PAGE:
Now how about that Joker? Here was the one bright spot and truly inspired part of the movie (courtesy of the late great, Heath Ledger), and yet you never believe or care about any of his actions. He can tell us how crazy he is or what he’s done or is going to do, and it may or may not be true, but it doesn’t change the fact that what he’s getting away with so easily is complete bullshit (he blows up the entire Police precinct and everyone around seems to die or disappear, but he's left standing). There doesn’t seem to be any safety net with this guy, but it quickly goes from potentially thrilling to utterly dull. He’s perfectly reckless, but considering the scope of his plans (a bank heist, assassination attempts, flinging corpses from skyscrapers, blowing up hospitals, rigging 2 ferries to blow, rigging warehouses to blow up Rachel and Harvey, rigging a fat crook to blow so he can escape from jail – you get the picture) and his methods, I never believe he could get that done; especially considering that whole movies are made that revolve around any single one of those complex schemes.


“I know this doesn't make any sense, and sure we haven't really tested it, but trust me... you'll get the hang of it.”

Not unlike James Bond, Batman typically has a wide variety of cool and handy gadgets that are just the thing he needs to get out of a tight spot. Well, the gadgets are here, but most of them don’t seem to serve their purpose. The clunky bat-pod I mentioned before can hardly turn (unless the script requires it to, as it does when it manages to weave under Joker’s rig as they race towards each other) or breeze through traffic without having to blow stuff up. But as uncool and impractical they made the bat-pod seem, that cell-phone monstrosity they rigged up at the end of the film takes the cake. There isn’t one thing about that machine that the film can sell. I have no problem swallowing a spoonful of bullshit for the sake of entertainment if you make it sweet, but everything they showcase about this machine just seems implausible and useless. Sure, Lucius somehow uses it in the movie, but it's the equivalent of watching a kid sitting in a soap box pretending it's a rocket-ship. They could just as easily have said the machine could give the Joker a brain tumor at the push of a button and it would made as much sense.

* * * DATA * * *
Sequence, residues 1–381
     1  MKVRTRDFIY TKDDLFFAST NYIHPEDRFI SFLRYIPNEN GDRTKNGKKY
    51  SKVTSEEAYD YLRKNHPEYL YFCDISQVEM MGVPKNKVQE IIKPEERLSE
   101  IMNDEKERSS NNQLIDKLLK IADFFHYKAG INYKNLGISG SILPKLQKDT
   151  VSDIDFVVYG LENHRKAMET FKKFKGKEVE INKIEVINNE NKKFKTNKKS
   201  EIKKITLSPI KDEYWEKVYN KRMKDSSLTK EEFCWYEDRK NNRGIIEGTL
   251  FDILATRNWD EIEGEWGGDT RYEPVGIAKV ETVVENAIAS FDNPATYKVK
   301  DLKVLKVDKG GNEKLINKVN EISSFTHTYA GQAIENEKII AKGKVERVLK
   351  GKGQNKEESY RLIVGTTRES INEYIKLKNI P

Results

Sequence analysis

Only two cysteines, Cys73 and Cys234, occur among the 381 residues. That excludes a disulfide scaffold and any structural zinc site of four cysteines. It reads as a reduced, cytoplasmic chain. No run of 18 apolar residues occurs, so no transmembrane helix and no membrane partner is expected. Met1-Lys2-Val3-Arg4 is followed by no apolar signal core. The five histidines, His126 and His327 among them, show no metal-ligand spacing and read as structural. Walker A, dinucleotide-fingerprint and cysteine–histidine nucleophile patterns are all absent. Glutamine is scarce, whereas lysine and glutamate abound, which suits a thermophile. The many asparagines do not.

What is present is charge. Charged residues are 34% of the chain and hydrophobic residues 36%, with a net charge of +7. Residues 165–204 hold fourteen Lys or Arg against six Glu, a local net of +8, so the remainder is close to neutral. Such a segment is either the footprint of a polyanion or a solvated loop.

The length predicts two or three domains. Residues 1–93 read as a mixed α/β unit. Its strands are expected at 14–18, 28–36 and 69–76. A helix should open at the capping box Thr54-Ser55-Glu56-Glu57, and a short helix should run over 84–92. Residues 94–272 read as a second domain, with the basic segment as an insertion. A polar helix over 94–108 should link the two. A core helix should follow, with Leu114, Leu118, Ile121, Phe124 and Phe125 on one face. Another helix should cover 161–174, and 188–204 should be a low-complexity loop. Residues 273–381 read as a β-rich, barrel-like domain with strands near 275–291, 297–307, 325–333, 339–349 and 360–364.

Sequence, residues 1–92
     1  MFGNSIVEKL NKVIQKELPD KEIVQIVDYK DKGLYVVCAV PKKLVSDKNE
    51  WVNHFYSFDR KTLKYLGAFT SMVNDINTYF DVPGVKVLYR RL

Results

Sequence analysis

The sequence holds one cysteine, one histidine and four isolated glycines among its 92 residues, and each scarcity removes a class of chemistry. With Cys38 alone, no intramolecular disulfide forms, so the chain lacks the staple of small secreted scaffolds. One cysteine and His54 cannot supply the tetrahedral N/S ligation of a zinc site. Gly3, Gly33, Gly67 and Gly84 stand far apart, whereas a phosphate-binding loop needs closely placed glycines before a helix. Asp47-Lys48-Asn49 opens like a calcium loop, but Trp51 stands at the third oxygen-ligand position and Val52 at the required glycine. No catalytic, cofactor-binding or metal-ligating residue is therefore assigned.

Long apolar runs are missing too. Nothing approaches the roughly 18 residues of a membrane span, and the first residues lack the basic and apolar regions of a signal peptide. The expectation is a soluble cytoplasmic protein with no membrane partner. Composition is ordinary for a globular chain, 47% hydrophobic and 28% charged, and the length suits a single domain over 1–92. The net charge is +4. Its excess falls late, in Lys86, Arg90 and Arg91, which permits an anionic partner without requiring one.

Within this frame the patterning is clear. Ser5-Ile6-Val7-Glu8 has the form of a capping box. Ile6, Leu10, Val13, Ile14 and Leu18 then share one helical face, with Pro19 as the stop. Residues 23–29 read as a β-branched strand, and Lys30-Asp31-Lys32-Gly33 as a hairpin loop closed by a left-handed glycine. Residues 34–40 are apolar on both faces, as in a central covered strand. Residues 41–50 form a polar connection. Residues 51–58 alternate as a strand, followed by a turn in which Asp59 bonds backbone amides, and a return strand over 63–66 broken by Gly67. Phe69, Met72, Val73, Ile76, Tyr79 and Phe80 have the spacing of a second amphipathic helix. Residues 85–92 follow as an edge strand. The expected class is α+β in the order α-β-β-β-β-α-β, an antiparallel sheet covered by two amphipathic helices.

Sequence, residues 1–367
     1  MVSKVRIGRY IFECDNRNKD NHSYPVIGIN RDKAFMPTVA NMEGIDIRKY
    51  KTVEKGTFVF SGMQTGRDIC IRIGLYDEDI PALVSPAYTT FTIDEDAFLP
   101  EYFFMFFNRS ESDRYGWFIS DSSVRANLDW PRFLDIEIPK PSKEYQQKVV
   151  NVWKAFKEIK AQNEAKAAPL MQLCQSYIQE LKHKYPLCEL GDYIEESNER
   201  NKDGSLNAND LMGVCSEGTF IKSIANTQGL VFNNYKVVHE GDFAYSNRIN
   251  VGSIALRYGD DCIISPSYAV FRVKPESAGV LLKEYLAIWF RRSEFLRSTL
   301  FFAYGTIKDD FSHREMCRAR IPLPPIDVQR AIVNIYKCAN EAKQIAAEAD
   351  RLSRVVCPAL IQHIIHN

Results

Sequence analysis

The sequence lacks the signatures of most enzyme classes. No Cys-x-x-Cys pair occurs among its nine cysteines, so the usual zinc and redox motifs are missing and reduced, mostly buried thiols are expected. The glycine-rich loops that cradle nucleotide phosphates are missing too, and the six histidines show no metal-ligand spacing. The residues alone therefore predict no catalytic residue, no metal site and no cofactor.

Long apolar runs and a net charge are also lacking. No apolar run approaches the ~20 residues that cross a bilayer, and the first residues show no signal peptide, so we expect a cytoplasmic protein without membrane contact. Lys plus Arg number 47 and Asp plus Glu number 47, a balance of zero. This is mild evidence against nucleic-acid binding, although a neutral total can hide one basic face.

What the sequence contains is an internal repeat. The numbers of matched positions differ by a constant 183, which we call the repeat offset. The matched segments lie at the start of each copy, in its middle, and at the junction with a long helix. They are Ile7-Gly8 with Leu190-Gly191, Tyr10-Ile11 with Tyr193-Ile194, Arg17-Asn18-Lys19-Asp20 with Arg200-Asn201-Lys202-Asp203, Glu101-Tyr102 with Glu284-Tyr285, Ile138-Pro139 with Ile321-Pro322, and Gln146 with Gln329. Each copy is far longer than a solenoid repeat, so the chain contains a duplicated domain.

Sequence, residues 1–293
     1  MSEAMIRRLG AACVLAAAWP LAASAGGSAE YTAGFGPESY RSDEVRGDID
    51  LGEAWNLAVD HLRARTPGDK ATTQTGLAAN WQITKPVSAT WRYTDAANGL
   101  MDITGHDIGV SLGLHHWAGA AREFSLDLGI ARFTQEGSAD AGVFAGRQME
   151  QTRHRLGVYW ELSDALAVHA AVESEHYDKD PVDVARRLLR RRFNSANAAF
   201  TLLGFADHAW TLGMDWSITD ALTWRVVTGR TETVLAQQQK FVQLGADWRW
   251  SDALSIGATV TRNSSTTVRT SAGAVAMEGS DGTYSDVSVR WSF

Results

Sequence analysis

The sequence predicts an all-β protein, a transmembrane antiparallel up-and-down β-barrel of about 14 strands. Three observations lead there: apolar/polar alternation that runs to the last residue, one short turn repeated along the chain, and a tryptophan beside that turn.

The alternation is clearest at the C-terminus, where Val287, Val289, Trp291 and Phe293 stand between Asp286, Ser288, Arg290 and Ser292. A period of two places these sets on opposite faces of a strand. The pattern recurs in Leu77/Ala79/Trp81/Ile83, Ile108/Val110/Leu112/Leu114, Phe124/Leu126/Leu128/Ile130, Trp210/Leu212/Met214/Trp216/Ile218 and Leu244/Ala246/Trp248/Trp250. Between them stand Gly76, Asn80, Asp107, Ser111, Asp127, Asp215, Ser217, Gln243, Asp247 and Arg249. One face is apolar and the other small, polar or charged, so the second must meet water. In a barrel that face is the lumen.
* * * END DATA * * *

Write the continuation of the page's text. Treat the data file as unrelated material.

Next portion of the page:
“Wanna see my stamp collection?"

Its clear that Nolan, or the Nolan bros., feel the need to tell their story via dialog; probably the most excruciating part of sitting through THE DARK KNIGHT. Despite the many problems I have with it, this is what makes it unbearable. I could hardly make it 8min. through the movie (why would that mobster say “Pity there’s only one of you”? when he sees the single Batman silhouette, only to discover, yes, there’s many more! This kind of stuff happens throughout the film and it's like dragging nails across a chalkboard). With the very best of everything at his disposal (visuals, sound, actors and effects), he still needs to have characters conversing in every scene about what is happening or what is going to happen, or have them offer some convenient bit of info or insight. You could excise that whole conversation from the opening heist between the clowns as they discuss who "this Joker guy" is, and it would instantly be a better scene (it would still have problems, just less). Unfortnately, even with the cop-out dialog, very little ties together. The plot plays out like a chess match where Nolan controls both sides of the board and moves his pieces around however he feels to suit his story; it doesn't work. In a scene where the Joker throws Rachel off a building only to be saved in a nick of time by Batman (still a painful looking crash), not only does she seem unimpressed, but we cut from here to another scene without ever knowing what happened to the Joker (or anyone else for that matter). A TDK fan pointed out to me that "he probably took the elevator down, got in his car and left". Thanks for that.


“Those guys better show up from behind me soon or this is gonna get awwwwwkwaaaaard.”

This isn’t a costumed version of THE UNTOUCHABLES or HEAT, although it certainly seems like it wanted to play in that sandbox. In the end, THE DARK KNIGHT fails by its own standards; it wants to be realistic and taken seriously, and yet if audiences do so the film self-destructs. There are some great ideas but most are poorly developed. What makes it all the more disappointing is when you consider how much genuine hard work went into all aspects of this production with the clear intention of making a quality film. No doubt about it, I have gotten carried away on certain points, and still left several untouched. That said, I look forward to reading your comments and thoughts on the film below, and hopefully take part in a healthy and interesting discussion.

Read the fan reviews of THE DARK KNIGHT over at Movie Fan Central and post your own agreement/rebuttal on your own MFC page!

Extra Tidbit: INCEPTION is this year’s THE DARK KNIGHT (I enjoyed it more than the latter, but calling it a masterpiece baffles me).
Source: JoBlo.com